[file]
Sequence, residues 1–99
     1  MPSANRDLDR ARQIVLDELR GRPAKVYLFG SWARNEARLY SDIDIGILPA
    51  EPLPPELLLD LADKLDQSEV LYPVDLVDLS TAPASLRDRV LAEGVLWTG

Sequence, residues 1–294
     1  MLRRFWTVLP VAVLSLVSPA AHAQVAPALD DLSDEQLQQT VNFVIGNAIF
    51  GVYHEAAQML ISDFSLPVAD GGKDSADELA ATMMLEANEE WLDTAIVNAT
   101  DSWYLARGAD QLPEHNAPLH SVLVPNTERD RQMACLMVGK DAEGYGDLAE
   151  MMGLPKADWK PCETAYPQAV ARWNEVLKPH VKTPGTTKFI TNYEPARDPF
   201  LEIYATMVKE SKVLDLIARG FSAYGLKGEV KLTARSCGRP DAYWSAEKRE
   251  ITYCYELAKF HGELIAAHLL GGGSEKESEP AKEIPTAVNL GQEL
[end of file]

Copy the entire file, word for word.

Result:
Sequence, residues 1–99
     1  MPSANRDLDR ARQIVLDELR GRPAKVYLFG SWARNEARLY SDIDIGILPA
    51  EPLPPELLLD LADKLDQSEV LYPVDLVDLS TAPASLRDRV LAEGVLWTG

Sequence, residues 1–294
     1  MLRRFWTVLP VAVLSLVSPA AHAQVAPALD DLSDEQLQQT VNFVIGNAIF
    51  GVYHEAAQML ISDFSLPVAD GGKDSADELA ATMMLEANEE WLDTAIVNAT
   101  DSWYLARGAD QLPEHNAPLH SVLVPNTERD RQMACLMVGK DAEGYGDLAE
   151  MMGLPKADWK PCETAYPQAV ARWNEVLKPH VKTPGTTKFI TNYEPARDPF
   201  LEIYATMVKE SKVLDLIARG FSAYGLKGEV KLTARSCGRP DAYWSAEKRE
   251  ITYCYELAKF HGELIAAHLL GGGSEKESEP AKEIPTAVNL GQEL